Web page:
Children with ASD may have an over-responsiveness or under-responsiveness to their vestibular system, which is responsible for keeping our balance.
What is it?
How the body handles movement is down to our vestibular systems. This is located in our inner ears. This sense helps us to keep upright against gravity. It is stimulated when we move or change our head position, it enables us to keep orientated when we are bending over to pick something up, ride in a car, walking around and doing physical activities. More subtle vestibular activities include maintaining a seated posture and paying attention.
Difficulties you may see
- Avoids fast moving playground equipment
- Hesitates or avoids walking down stairs
- Gets dizzy very easily
- Gets car sick on trips
- A child may spin excessively or enjoy hanging upside down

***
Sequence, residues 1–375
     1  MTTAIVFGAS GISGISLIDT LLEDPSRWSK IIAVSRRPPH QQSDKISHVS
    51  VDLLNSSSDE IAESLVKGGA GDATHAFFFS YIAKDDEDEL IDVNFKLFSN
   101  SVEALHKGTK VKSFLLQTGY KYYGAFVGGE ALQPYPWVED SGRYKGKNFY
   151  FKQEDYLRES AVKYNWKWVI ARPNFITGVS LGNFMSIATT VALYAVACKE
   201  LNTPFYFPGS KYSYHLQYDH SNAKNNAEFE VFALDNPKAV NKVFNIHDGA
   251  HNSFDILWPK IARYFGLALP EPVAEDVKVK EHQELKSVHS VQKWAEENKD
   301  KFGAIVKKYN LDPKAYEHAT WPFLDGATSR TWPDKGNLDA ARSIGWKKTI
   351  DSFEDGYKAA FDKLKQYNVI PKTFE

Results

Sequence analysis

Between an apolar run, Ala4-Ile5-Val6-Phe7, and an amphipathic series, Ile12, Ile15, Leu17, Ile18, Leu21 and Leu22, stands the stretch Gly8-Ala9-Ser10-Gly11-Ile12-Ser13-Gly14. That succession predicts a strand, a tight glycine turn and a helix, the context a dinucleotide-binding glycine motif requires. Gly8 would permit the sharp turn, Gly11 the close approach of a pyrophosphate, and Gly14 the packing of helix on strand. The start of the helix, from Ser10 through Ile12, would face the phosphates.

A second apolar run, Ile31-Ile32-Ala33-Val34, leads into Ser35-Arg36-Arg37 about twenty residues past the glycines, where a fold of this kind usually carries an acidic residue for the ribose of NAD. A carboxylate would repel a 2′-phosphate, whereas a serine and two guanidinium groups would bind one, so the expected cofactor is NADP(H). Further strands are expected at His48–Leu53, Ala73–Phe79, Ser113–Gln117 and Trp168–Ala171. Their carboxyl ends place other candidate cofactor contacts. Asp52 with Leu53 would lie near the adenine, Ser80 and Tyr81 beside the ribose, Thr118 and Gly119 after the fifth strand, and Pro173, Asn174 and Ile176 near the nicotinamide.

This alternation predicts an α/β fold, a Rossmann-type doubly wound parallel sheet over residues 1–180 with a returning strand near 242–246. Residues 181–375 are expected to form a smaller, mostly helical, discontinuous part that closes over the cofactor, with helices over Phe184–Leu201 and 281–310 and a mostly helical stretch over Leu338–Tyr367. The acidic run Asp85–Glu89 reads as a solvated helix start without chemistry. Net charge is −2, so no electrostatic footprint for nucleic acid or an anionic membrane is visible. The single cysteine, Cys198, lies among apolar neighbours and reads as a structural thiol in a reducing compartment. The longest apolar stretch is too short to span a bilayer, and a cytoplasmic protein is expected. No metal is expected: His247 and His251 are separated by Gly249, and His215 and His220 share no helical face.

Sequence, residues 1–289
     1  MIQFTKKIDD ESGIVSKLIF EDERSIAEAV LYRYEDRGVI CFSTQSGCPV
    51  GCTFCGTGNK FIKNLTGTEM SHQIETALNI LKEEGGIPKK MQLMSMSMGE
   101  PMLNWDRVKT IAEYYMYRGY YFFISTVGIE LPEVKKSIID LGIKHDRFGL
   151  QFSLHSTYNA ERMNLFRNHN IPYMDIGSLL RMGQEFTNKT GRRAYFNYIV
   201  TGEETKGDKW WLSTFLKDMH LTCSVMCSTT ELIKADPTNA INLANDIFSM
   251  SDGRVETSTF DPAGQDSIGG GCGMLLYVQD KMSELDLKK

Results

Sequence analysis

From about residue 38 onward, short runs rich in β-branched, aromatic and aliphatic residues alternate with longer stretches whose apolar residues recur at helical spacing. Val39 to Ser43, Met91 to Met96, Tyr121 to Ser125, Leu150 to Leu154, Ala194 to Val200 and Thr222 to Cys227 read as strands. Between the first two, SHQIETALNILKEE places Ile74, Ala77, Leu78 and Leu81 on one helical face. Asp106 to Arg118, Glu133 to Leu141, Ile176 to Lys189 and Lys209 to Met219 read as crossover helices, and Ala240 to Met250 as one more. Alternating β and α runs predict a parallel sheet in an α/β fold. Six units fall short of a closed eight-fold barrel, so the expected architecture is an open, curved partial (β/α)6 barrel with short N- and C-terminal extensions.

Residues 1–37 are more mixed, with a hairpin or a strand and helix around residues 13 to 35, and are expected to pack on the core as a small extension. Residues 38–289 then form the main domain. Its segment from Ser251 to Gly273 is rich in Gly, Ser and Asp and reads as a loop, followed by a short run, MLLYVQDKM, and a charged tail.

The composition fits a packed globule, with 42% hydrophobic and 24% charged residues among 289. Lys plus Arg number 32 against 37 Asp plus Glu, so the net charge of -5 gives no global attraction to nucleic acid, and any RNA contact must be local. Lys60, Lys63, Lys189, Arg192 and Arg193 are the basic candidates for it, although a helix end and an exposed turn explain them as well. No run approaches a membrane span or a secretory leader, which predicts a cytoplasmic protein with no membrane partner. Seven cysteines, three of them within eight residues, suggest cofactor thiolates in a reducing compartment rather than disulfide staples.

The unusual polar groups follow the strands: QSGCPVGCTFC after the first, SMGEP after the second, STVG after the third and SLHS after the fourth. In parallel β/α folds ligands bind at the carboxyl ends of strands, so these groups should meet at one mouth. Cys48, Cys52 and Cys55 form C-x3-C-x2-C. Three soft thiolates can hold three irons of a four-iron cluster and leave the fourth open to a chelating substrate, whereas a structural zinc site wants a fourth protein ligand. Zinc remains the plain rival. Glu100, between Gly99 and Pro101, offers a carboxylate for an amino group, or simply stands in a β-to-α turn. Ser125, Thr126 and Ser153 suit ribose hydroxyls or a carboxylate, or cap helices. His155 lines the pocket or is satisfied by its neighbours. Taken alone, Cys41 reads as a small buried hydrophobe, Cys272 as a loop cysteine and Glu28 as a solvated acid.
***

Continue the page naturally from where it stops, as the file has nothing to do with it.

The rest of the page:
- Moving in their seats or getting out of their seats but not necessarily in an organised manner
- May have poor sitting posture, e.g. slumping over their desk
- Some children may have low muscle tone therefore doing P.E activities is challenging with poor balance skills
Strategies to help
- Use a firm, supportive seat ensuring their feet are on a firm surface or the floor when doing homework or sitting at the dinner table
- Encourage swinging activities in various positions (sitting, on tummy, reclined) in different planes of movement, with frequent stops and bumps
- Encourage jumping on a space hopper or mini trampoline
- Encourage active outside games such as rolling down a hill, going to the playground etc.
- Provide regular proprioceptive input
- Do some “wake-up” activities before carrying out seated activities e.g. gentle stretches, movement of music, running and/or jumping on the spot are all good. Similar activities can be used for a minute or two throughout the day whenever you sense the need.
- For children who find it difficult to calm themselves provide linear (backwards and forwards) movement opportunities, e.g. rocking, swinging, rolling over a ball etc.
Children with ASD may be affected by difficulties relating to their vestibular system, but some simple activities and practices can help to encourage a normal functionality.
If you would like to discuss any difficulties your child may be experiencing, please get in touch.